The multi faceted layers that are: offsetting
By definition all carbon offset activities have a positive impact – they reduce or avoid global greenhouse gas emissions.
The benefit of carbon offsets cannot simply be defined. They are a layered concept enabling positive economic development and the necessary transformation of industries, and ultimately countries.
Carbon offsetting leads a path to low-emissions future, paving the way to economic prosperity, opportunity, and reduced inequality.
Without the incentives to traverse a low-emissions future, transformation in scale of an economy and society inherently comes with environmental impacts often including increased emissions, higher pollution levels and increased stresses on global earth systems. It is evident that countries currently undergoing development do not have the opportunity to rely on the latest, high tech, zero-emissions technologies. And to be fair, the developed world did not progress through their development without significant greenhouse gas emissions.
Bravely and simply, defining the world without these necessary transformations is not growth, it is not a future.
With this in mind, we believe it unfitting to ask those countries currently undertaking this revolution to be adequately equipped to reduce and regulate these emissions without aid, incentives, and relevant technological advancement. Indeed, support by developed countries to enable low-emissions development is a requirement of the Paris Agreement.
Enter carbon offsetting. Carbon offset projects enable the transfer of finances and technologies from corporates, Non-Government Organisations, local councils, and others generally situated in developed locations to invest back into countries and communities currently undergoing development. These entities often have far-reaching supply chains and seek to align the extraordinary impacts which offsetting activities bring to communities with these supply chains.
As with all development, including carbon offsetting projects, at times compromises must be made. Today, as we sit in our office in Abbotsford (Melbourne, Australia), we hear the earthmoving machinery improving retaining structures off a nearby building and continuous construction from an apartment building being developed next door. While these developments present us with temporary negative impacts the longer-term gain to society means these impacts fit within our local laws and societies. If any of these impacts were of a more serious nature, we would have grounds to go to local councils and governments and request a change in the activities being undertaken.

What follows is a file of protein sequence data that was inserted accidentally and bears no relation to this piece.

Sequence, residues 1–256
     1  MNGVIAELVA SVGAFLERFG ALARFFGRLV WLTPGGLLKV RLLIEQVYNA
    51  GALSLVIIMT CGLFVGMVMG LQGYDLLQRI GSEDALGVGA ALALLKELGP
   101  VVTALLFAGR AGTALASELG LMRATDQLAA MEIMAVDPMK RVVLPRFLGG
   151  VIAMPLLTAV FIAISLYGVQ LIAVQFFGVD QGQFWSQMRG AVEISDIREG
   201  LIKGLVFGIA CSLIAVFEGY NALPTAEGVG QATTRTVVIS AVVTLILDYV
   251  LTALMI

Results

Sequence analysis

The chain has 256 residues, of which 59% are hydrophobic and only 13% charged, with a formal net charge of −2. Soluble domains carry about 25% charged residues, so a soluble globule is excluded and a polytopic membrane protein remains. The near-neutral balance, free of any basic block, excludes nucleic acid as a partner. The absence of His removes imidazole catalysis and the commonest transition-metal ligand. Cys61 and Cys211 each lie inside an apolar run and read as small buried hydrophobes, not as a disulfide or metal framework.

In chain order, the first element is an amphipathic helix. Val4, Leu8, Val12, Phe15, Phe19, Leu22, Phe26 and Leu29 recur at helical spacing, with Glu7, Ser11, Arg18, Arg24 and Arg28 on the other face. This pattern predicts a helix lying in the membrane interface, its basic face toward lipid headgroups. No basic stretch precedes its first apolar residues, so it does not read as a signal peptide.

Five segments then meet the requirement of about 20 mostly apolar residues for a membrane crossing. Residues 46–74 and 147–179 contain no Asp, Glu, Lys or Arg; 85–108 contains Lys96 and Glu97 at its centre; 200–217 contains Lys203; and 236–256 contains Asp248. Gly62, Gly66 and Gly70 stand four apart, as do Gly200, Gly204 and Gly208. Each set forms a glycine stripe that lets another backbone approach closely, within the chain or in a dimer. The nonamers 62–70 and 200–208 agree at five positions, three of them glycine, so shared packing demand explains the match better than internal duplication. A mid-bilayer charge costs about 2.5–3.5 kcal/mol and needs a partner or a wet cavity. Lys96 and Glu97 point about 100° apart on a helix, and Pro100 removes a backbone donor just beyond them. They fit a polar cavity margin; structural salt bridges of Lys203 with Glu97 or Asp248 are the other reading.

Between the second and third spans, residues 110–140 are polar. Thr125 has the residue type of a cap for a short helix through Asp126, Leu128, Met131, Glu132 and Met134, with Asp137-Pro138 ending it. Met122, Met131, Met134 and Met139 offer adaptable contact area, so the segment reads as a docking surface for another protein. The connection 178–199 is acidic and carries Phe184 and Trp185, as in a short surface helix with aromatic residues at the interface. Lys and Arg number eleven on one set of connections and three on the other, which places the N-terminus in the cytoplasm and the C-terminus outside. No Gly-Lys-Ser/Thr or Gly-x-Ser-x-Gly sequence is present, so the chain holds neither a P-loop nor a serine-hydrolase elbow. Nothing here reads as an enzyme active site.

Such compromises must be accepted by the broader carbon market as a part of business. Today, we may see a wind turbine in a field and dislike its presence. However, perhaps last year instead of a wind turbine there was a coal fired power plant emitting significant volumes of greenhouse gases and frankly often dangerous levels of air pollutants. Today, the forest we once logged may now be locked up for a Reducing Emissions from Deforestation and forest Degradation (REDD) project. However, perhaps in 5 years once the forest begins to recover, we may be allowed to sustainably harvest parts of the forest. Alternatively, we may be enabled to retrain as a ranger protecting the forest, or, since the forest is now in a healthy state and the stunning endemic species within the area have begun to return, we may pursue a pathway of environmental tourism instead. These transformations and projects should be analysed as a balance of their positive and negative impacts as well as how the alternative scenario would impact a society.
The carbon offset industry is not without its flaws – no industry is – however investing in high-quality and high integrity offset projects enables positive transformation of communities and societies.